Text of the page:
In 1993, my love affair with White Wolf had just begun. The next year would see the book that would turn it into a marriage. Her name was Werewolf, and she was gorgeous.
Werewolf Second Edition is a gorgeous book, inside and out. The art, layout, and background all mesh together into a damn near flawless RPG book. What sent it over the top for me was the afterword by Bill Bridges, expressing a love for the Wild and pledging to donate proceeds to animal charities from the book.
That was a watershed for me. The idea that RPGs could be used to effect real change had never even occurred to me. I began to develop a bad case of hero worship for the WW folks. After that came Mage, and Changeling. I was an utter fanboy, drinking the WW kool-aid with abandon. It felt nice to be involved with products that took on societal taboos,and were up front and loud about it. It was nice, it was delusional, and it couldn’t last.
Two things killed that love affair for me: Collectible Card Games and the rise of LARP.
Magic the Gathering, in a nutshell, tried it’s best to kill tabletop RPGs dead. I don’t blame retailers for fleecing the fools buying their way to victory, Nope, I blame all the statistic loving rules lawyers and power gamers who could use a fat wallet to feel better. I defy anyone to tell me that those games are all about skill, if you need certain cards to win. I never had to pay five bucks to buy into a D and D game. I don’t even blame game companies for trying to cash in. I do blame those that bet the farm on it, and damn near killed RPGs in the process.
Then came the LARPers. I can’t fault WW for the innovation. LARPing had been around for ages, and their crew developed a quick and easy way to run them. What I can fault is the type fo people LARPing attracted. Where RPGs once attracted people who had to use their imagination, it now had people who had sewing skills and could act.
Both these things changed the gaming world,and in my opinion, not for the better. The CCG boom attracted all the scumbag sports card guys,trying to get back some of their failed investment in variant comic books. And the LARP community attracted every rejected Ren Faire wanna be who could afford a cool wardrobe. Several of them seemed to have a tenuous grip on reality. I liked hanging out with guys from a local LARP, but they had enough in game and off game drama to fuel several soaps. My best time LARPng involved me and a friend dressing up as ICP to play vampire versions who had been turned into Sabbat assassins.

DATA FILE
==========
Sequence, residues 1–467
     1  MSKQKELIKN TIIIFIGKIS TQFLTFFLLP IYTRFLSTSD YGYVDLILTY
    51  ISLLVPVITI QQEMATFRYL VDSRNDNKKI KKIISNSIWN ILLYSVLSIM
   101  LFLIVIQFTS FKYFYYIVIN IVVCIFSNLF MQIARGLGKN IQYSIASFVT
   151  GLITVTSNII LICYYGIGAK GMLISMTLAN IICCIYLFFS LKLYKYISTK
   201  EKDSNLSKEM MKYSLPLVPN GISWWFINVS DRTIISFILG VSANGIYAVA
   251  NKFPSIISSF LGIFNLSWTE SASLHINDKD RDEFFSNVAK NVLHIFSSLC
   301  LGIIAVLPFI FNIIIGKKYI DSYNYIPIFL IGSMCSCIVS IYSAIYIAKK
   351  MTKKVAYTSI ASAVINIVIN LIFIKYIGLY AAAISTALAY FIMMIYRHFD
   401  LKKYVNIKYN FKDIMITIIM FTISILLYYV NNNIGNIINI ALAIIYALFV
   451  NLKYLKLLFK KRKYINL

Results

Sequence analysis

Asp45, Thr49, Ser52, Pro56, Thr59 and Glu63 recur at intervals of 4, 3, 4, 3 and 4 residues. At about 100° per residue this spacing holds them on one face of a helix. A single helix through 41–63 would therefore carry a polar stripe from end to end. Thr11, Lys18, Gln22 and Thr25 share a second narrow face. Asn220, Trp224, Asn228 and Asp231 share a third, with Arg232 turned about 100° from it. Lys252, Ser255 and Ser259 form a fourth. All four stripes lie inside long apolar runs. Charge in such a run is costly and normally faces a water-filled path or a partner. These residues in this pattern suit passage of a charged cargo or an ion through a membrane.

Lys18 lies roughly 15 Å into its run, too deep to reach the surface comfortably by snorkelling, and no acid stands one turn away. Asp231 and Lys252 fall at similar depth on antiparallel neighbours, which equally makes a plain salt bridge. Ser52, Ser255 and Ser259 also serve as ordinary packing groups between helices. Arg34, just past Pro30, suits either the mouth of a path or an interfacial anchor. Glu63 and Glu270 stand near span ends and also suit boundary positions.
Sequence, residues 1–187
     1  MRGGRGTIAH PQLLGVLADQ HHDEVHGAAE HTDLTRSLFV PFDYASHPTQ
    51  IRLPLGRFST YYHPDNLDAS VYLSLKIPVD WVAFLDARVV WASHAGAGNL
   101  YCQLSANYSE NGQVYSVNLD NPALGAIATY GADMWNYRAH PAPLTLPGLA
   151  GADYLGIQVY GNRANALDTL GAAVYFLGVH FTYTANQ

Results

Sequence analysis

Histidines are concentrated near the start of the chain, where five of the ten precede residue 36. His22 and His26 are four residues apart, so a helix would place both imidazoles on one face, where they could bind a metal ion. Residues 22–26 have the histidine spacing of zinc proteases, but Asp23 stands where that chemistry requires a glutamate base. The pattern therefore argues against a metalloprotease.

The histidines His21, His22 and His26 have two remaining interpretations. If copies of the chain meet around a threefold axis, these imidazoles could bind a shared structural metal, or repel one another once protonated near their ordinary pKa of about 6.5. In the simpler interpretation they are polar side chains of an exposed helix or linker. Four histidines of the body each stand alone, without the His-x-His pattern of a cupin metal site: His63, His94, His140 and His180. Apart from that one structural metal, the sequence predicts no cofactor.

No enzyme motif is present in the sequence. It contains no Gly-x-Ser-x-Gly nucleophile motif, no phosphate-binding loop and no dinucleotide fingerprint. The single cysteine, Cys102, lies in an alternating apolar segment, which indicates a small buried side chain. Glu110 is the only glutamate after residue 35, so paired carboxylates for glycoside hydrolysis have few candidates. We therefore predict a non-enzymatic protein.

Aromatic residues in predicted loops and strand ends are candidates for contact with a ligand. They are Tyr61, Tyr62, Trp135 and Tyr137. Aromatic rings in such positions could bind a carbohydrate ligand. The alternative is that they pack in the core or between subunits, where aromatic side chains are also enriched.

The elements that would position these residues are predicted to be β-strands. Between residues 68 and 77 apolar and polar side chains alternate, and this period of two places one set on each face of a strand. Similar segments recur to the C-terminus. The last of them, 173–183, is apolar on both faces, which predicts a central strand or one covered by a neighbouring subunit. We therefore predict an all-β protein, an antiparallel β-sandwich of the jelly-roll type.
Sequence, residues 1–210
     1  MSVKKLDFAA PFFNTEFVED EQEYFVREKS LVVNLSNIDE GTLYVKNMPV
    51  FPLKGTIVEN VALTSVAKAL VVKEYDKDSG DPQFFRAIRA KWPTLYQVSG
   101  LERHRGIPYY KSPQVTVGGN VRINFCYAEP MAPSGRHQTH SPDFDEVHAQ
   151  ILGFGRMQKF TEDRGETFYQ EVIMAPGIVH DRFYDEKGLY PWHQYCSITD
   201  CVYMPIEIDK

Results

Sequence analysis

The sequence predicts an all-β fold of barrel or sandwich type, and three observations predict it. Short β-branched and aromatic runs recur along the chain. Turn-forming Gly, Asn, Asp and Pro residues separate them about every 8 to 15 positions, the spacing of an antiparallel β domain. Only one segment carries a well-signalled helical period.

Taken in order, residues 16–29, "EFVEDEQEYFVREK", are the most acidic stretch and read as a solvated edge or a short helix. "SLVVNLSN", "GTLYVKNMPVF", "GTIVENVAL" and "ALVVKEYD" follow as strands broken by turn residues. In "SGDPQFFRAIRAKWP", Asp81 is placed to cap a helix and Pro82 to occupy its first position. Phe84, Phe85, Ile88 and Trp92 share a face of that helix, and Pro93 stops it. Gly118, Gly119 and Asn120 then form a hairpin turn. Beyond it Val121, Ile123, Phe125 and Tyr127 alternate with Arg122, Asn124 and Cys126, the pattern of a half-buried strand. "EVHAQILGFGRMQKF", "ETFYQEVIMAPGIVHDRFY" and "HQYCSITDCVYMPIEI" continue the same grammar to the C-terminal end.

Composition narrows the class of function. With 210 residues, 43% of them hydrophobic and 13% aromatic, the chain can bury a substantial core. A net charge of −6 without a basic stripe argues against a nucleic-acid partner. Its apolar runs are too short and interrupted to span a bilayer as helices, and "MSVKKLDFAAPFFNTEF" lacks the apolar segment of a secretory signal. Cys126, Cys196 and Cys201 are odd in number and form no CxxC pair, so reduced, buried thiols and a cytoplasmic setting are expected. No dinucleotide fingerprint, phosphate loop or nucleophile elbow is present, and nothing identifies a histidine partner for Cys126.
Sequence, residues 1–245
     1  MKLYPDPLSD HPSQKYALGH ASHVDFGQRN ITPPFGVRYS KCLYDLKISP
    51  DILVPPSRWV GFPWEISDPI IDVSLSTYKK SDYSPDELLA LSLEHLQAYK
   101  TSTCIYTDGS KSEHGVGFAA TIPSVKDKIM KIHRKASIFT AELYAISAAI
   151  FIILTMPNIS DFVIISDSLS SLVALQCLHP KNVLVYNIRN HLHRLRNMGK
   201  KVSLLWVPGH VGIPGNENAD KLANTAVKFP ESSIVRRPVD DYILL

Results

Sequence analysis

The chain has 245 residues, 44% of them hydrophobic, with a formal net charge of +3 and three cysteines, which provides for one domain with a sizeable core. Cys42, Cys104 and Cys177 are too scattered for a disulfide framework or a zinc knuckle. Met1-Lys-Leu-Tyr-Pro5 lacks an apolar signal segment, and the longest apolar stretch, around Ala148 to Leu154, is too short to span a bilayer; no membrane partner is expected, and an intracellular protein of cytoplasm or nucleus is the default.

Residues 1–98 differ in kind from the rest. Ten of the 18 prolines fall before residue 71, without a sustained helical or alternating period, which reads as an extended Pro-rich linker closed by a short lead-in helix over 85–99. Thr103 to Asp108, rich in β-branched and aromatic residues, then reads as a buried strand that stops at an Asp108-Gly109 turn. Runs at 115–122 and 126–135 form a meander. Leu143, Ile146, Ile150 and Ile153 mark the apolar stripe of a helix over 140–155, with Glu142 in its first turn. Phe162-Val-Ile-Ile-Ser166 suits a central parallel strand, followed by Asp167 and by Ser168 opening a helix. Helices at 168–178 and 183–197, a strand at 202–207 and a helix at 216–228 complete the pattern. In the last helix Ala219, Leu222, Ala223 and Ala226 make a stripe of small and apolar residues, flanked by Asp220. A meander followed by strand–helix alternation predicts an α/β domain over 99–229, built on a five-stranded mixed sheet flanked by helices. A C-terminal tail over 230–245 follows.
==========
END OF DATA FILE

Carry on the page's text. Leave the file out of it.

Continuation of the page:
Around this time, I became involved deeply with a smaller game company. They used a system similar to WW,but even more primitive. But they were looking for people to contribute,to help out. So I drank another vat of cult juice until they crashed and burned.Menawhile, it appeared that WW and CCGs had been taken over by all the guys who used to beat me up or mock me in school.
By this time, I’d had it with WW. They were the kings of the RPG block,and they knew it. They’d always been cooler than the D and D people, and now they were outselling them too. And with it came pride. I’ve never experienced anything but love from any of the core staff people at WW, but the other con people and volunteers were slowly turning into elitist pricks. So I put away the Pale Puppy brand juice, rejoicing when they decided to end it all. I thought it was an excellent move.
So there I was again, lost without an RPG to love. I was just about ready to quit again when I ran into Deliria. Now here was something I could sink my teeth into. If you’ve never read the core book for that game, you haven’t read the gold standard for RPG books(next to Werewolf Second Edition,it’s a dead heat tie). Phil Brucato conjured magic with that book. I will always thank Phil for that, for restoring my faith in RPGs. I even booth helped for one great con, before the company crashed and burned in a cloud of bills and drama in the mid aughts.
I should also thank Phil for bringing me back from hate land on White Wolf and the World of Darkness line. It’s been through conversations with him that I’ve grown to appreciate what magic the early creators of WOD did. So I now proudly display my WOD books in my office, and hope to add the 20th Anniversary editions as soon as I can afford them all.
Thank you, Phil, Bill Bridges, Justin Achilli and crew. Thank you for bringing me back to a hobby I love, and one I hope to pass onto my children. Here’s to you folks for changing the landscape. Thank you, and good night.